What if we could adjust to new creative ways of doing things, to make and experience art to keep it relevant during times of Lockdown? Use of digital technologies facilitates an art made for networks and is a way for people to have a connection through art across the globe when museums and galleries are unable to open to the public. Read my article published today in Studio International.
An exhibition of historical and contemporary digital art and a programme of events will be at the RCA from 12-17 July, travelling to Leicester from 22 July. I will be presenting a paper at the symposium on the evening of Tuesday 16 July at the RCA, do come along and hear about the origins of the Computer Arts Society and the continuing legacy of the EVENT ONE show which featured artists such as Gustav Metzger, Alan Sutcliffe and many others.
Read my review in Studio International of the new display of computer art at the Victoria & Albert Museum London – Chance and Control: Art in the age of Computers and learn of the remarkable diversity of the V&A’s collection and how it has grown from early beginnings in just ten years. Among many things of interest here are three fabulous works by Harold Cohen from his early, mid and later period. Exhibition on now until 18 November 2018.
I feel privileged to have known the ground-breaking artist Gustav Metzger
who passed away a couple of weeks ago. He was a very early member of the Computer Arts Society and the first editor of our journal PAGE from 1969.
His links with the early world of British computer arts is discussed in my article published today on the BCS
Just a reminder that my book – A Computer in the Art Room, The Origins of British Computer Arts 1950-1980 is still available to purchase from this website (it seems to be prohibitively expensive on Amazon for some reason) – click the SHOP tab above.
On view last month in Cambridge was Gustav Metzger’s Auto-Creative art, a variety of materials and methods demonstrative of his long interest in kinetic art, particularly movement and random activity. His 1964 statement “At a certain point the work takes over, is in activity beyond the detailed control of the artist, reaches a power, grace, momentum, transcendence” is apt for an installation which has both a hypnotic visual and a psychedelic delivery. Read the full review and learn about his connection to the Computer Arts Society here.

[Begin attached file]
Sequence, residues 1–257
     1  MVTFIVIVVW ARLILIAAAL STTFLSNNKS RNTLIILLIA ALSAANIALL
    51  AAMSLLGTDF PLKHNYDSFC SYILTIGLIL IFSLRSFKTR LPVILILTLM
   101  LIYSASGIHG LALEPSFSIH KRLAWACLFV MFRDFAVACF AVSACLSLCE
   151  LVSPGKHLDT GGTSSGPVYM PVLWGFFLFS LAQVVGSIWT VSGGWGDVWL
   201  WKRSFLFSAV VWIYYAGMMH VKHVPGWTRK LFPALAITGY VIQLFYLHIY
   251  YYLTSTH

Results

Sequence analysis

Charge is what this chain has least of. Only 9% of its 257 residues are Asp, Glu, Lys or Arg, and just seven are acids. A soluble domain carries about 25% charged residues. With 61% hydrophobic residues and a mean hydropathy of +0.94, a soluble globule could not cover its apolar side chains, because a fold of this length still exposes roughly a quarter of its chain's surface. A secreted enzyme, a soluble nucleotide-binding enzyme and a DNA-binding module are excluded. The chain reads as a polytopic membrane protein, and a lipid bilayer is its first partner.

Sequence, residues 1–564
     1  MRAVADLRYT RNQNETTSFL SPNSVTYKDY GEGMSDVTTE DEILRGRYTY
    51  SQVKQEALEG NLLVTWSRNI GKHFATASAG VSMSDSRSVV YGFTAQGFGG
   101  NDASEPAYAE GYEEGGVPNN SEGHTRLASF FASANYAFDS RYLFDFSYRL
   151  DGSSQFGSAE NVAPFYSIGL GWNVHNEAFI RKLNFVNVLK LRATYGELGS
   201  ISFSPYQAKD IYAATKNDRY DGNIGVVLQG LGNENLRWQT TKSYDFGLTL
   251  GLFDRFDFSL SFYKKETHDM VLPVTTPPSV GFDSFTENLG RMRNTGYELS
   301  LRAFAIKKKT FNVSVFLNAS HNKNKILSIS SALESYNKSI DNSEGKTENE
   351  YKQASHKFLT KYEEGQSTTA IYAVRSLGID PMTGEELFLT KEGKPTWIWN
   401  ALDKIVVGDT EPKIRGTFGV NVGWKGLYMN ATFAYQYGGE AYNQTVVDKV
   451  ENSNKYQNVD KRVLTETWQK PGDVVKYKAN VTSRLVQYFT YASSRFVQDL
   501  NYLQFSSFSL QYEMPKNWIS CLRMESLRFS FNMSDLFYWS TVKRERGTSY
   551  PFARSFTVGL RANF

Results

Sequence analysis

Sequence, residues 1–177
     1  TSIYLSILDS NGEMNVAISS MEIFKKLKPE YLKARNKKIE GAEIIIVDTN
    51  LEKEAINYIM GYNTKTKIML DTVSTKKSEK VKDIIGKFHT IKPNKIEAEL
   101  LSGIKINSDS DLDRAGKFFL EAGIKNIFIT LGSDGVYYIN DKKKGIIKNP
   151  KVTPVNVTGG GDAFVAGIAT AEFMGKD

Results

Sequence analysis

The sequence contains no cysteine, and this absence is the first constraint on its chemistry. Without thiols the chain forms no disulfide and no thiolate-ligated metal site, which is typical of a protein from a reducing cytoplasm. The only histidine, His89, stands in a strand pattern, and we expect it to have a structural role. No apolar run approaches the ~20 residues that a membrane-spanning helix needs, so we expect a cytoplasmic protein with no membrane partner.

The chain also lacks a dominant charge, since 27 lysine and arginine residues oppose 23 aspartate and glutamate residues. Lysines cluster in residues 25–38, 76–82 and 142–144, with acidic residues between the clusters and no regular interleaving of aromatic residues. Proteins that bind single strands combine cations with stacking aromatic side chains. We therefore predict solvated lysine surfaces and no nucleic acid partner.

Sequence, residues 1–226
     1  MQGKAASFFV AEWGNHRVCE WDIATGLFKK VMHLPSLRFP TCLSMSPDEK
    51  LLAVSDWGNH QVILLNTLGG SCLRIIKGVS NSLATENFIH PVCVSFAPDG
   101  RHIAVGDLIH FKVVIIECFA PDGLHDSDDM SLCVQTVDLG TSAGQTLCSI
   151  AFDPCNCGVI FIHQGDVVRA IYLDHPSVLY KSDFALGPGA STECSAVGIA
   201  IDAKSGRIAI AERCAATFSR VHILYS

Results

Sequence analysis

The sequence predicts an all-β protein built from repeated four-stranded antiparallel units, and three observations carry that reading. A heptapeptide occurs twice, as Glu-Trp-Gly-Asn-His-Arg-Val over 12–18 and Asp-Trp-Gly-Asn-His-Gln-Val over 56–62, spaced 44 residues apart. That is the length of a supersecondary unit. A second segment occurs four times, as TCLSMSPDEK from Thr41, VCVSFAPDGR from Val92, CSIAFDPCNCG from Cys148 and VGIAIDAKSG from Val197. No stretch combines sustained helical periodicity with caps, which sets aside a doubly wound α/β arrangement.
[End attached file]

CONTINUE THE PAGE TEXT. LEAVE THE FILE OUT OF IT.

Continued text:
Jennifer Steinkamp’s beautiful tree moves as though blowing in the wind and transforms over time as the seasons change. This Los Angeles based artist explores ideas about architectural space, motion and perception using computer animation to engage viewers through use of transient elements in the natural world. Read more about Steinkamp and her work in this month’s BCS column here:http://www.bcs.org/content/conWebDoc/50226
Services who have been working with theArt Fund on a £100,000 project to explore the influence of Sir D’Arcy Wentworth Thompson in the visual arts. Because of the interdisciplinary nature of the Dundee Collections and the Thompson connection, this grant funding has uniquely facilitated the creation of an art work itself with an interdisciplinary concept at its heart – On Growth and Form by Daniel Brown. Read the full article here: http://www.bcs.org/content/conWebDoc/50050
For over forty years Ernest Edmonds has had an interest in interactivity and his current
exhibition at Site Gallery Sheffield demonstrates a career-long conversation between drawing, painting and computer-based work. Ernest is our BCS featured artist of the month, read about Shaping Space here: http://www.bcs.org/content/conWebDoc/49266